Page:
My favorite early spring flower in the garden is without a doubt a special Bleeding Heart formerly known as Dicentra spectablis ‘gold heart’, Latin genus title just recently changed to Lamprocapnos spectablis. As you can see above, it is a breath of fresh air in the early garden.
In the photo above you see a plant from my zone 5b back garden around May 3 of 2009 – hostas and daffodils are just now leafing out, while bright pink hearts smother this impressive plant. They do great in clay soil and as a specimen lamprocapnos bleeding heart are graceful woodland plants which prefer part shade. Nodding, heart-shaped, rose-pink flowers (1” long) are featured on long, arching racemes which bloom at or slightly above the foliage mound in early to late spring.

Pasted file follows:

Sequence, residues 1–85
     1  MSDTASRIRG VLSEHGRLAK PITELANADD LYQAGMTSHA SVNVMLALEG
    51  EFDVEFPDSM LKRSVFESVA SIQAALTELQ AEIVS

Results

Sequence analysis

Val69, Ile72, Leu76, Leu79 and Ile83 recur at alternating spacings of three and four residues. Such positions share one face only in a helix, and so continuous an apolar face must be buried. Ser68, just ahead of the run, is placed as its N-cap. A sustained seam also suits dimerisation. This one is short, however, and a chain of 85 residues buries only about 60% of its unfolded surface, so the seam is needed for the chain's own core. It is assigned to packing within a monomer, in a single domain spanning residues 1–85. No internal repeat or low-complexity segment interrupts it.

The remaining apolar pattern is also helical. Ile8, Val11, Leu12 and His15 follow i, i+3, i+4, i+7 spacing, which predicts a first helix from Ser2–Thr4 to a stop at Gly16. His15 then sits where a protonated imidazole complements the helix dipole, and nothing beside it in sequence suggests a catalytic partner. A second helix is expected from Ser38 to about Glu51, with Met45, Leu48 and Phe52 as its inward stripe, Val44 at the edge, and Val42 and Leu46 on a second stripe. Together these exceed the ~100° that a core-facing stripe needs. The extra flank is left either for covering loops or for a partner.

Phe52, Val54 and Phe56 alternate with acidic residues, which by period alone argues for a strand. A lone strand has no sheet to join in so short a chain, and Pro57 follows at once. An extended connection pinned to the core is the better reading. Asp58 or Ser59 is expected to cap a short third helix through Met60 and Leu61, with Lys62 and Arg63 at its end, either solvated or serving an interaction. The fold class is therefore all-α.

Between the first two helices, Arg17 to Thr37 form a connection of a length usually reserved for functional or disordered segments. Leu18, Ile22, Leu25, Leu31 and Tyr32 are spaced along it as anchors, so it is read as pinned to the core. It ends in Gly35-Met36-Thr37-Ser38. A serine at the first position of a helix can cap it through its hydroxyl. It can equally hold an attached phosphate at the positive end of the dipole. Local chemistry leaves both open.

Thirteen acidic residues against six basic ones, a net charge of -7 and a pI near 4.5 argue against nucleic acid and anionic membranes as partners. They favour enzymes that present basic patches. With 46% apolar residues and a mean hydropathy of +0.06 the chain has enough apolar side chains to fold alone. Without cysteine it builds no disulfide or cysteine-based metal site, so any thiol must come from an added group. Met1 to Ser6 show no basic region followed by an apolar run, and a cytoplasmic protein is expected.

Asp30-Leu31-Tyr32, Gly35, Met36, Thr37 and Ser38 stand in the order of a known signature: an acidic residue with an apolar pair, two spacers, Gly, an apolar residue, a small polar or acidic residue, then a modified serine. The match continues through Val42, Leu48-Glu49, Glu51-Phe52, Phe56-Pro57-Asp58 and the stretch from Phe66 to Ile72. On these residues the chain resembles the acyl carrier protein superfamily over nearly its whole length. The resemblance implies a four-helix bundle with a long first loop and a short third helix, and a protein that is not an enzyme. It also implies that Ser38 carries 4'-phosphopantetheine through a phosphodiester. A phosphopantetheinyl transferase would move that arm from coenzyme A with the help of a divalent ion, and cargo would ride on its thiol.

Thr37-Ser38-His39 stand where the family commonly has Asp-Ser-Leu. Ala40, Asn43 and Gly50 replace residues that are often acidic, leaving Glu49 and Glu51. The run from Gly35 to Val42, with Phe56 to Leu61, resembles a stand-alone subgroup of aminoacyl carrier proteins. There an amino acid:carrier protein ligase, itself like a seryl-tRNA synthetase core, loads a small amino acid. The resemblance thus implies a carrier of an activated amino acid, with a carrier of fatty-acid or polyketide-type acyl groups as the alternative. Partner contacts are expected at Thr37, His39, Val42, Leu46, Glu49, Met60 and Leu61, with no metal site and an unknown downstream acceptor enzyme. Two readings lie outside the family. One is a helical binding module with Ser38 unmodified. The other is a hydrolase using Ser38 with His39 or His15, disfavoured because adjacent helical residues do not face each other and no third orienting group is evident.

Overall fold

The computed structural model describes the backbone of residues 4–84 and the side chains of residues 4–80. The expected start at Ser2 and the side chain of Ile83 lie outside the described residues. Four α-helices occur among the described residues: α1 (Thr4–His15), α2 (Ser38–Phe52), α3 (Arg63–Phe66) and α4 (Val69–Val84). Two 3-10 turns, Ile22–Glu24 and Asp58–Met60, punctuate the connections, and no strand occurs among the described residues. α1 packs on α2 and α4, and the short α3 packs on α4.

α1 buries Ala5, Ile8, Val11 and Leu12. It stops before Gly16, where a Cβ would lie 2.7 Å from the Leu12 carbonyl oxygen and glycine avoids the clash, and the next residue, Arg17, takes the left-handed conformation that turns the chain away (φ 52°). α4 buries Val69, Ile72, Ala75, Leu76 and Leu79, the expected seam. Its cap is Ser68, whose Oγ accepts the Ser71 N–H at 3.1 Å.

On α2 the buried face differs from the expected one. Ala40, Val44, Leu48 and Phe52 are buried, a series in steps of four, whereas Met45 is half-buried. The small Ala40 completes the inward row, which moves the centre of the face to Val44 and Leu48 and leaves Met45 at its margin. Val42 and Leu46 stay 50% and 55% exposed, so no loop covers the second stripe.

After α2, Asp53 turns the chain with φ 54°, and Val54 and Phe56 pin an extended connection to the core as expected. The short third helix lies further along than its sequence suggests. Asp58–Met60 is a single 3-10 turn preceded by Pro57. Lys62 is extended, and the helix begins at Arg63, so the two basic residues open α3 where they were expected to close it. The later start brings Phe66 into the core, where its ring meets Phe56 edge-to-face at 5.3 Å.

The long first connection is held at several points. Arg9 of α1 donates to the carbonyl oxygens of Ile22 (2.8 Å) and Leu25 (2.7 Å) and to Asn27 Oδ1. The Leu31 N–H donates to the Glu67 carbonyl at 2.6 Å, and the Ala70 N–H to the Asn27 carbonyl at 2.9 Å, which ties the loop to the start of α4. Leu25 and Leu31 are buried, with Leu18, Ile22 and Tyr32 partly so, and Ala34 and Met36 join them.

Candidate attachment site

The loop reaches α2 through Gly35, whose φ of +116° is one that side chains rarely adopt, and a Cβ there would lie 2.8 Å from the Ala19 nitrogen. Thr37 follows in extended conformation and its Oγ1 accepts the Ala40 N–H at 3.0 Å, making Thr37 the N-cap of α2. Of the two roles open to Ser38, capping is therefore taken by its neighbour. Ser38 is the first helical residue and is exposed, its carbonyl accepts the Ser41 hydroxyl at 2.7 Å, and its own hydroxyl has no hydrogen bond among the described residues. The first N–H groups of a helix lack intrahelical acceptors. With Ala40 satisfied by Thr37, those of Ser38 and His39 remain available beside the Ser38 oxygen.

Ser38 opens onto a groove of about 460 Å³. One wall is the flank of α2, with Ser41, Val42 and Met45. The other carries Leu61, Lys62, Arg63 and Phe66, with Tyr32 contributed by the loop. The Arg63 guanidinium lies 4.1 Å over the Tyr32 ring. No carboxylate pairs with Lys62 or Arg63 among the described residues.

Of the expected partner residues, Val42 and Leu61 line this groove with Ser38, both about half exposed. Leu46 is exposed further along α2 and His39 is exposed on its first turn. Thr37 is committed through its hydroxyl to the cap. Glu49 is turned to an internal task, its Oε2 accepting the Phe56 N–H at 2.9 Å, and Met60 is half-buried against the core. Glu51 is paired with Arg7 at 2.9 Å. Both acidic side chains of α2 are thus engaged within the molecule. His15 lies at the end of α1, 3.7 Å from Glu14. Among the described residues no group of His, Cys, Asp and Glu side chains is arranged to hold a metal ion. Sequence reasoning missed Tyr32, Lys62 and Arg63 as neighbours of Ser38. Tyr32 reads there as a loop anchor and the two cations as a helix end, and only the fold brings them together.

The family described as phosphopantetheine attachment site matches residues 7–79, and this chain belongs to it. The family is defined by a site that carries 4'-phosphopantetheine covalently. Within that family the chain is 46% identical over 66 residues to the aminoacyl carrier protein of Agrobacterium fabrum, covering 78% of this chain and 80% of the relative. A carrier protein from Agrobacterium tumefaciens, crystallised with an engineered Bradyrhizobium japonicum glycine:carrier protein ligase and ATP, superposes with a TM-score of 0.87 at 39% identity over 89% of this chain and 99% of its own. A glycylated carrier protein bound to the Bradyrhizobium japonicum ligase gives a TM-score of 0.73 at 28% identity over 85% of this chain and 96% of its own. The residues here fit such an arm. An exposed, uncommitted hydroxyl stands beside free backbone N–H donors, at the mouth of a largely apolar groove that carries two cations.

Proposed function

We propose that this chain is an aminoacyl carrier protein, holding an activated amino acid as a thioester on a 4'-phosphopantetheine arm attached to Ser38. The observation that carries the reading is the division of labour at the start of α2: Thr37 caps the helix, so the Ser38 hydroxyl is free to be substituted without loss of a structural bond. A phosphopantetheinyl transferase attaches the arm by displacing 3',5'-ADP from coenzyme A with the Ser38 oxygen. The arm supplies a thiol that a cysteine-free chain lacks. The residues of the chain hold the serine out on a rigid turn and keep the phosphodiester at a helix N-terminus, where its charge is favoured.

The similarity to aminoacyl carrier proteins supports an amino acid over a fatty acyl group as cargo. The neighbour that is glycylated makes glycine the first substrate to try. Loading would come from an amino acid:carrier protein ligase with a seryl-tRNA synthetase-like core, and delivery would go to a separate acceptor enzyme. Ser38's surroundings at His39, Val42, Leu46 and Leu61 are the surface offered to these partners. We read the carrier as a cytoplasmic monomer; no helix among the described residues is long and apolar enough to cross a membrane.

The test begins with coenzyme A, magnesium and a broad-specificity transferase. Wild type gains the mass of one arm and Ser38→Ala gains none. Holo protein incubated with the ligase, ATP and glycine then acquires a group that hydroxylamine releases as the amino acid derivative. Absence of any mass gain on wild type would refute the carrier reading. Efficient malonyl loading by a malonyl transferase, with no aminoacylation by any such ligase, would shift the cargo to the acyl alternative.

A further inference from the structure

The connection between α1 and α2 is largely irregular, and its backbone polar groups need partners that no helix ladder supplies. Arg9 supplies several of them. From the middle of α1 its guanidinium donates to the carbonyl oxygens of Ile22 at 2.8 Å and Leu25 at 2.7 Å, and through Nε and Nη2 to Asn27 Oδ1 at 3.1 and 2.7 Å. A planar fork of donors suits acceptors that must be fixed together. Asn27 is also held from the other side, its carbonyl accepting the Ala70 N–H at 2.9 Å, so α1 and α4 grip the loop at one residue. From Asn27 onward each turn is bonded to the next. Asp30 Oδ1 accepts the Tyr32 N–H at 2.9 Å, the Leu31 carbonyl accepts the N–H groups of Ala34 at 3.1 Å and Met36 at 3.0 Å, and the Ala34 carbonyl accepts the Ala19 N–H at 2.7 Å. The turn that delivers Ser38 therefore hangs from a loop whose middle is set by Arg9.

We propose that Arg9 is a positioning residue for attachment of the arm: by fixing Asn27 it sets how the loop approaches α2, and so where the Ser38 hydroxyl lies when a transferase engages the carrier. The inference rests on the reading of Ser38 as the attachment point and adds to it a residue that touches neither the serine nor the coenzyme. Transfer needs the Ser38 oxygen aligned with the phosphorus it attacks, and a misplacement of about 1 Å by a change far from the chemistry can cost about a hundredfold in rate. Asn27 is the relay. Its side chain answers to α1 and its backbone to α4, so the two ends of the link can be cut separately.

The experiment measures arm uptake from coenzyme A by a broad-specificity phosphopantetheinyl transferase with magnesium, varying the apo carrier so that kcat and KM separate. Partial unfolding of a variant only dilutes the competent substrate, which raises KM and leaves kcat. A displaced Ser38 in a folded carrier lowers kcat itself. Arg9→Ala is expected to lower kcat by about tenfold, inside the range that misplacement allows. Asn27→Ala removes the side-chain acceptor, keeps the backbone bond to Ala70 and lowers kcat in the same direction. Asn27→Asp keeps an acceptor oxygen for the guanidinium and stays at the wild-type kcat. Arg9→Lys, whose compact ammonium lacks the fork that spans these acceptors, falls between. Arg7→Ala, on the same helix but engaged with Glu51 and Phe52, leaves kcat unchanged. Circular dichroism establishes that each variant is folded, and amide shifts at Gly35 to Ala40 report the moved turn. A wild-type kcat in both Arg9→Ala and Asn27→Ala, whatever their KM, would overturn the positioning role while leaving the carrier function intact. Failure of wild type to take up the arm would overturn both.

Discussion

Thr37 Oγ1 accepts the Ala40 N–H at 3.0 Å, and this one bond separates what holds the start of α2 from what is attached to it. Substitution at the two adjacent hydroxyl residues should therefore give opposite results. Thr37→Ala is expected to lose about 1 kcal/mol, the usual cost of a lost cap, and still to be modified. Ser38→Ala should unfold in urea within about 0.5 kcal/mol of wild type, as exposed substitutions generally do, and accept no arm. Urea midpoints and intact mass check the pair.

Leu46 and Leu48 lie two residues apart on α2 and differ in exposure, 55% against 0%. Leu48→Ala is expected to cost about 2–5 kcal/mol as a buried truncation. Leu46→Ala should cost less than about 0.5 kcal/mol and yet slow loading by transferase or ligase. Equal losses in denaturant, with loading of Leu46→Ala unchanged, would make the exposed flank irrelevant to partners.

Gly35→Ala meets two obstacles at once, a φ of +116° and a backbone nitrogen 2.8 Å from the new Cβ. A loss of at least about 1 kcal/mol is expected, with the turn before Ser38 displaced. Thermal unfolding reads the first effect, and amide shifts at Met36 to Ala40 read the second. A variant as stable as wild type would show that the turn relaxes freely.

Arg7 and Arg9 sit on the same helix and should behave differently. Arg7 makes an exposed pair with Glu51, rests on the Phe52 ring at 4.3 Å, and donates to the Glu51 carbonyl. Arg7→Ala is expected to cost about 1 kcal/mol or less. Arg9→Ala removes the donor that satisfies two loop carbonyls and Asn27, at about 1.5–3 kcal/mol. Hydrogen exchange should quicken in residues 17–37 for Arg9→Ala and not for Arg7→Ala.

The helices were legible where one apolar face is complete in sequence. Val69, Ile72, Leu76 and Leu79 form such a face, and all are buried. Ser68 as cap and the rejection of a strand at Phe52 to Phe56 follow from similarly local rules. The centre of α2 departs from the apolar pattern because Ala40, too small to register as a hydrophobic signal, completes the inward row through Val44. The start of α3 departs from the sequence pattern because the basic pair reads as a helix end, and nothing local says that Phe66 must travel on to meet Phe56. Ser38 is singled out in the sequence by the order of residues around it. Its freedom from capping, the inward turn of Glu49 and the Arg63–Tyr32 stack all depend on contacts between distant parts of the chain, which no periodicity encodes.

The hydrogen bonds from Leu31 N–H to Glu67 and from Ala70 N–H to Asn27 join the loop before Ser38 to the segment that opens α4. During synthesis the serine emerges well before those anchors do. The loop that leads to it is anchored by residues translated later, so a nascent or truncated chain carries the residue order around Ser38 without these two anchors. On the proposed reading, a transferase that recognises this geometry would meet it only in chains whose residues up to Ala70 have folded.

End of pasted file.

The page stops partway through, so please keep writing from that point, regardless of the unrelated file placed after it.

- Choose the right bleeding heart for your garden. Lamprocapnos ‘formosa’ is short, for instance, while lamprocapnos ‘spectablis’ can grow over two feet tall. Bleeding Heart typically do well in zones 3 through 9.
- Plant in shade to part-shade – early spring if possible. Bleeding Hearts prefer well drained soil, but adding lots of rotted manure at planting time helps holds moisture and fertilizes organically.
- Compost and mulch regularly around the base of the plant as the plant does better if well watered – compost and mulch helps retain that moisture.
- First year plants require regular watering. After that, only water during the hot and dry seasons.
- Towards very late summer or in intense heat the plant collapses entirely without proper water and looks like it is dead. It simply goes dormant at this time and will return in the spring.
Interesting Fact – - Bleeding hearts were called “Lady-In-The-Bath” by gardeners from the Victorian Era for obvious reasons. If you turn a bleeding heart flower upside down and spread it apart it looks like a lady sitting in a bathtub.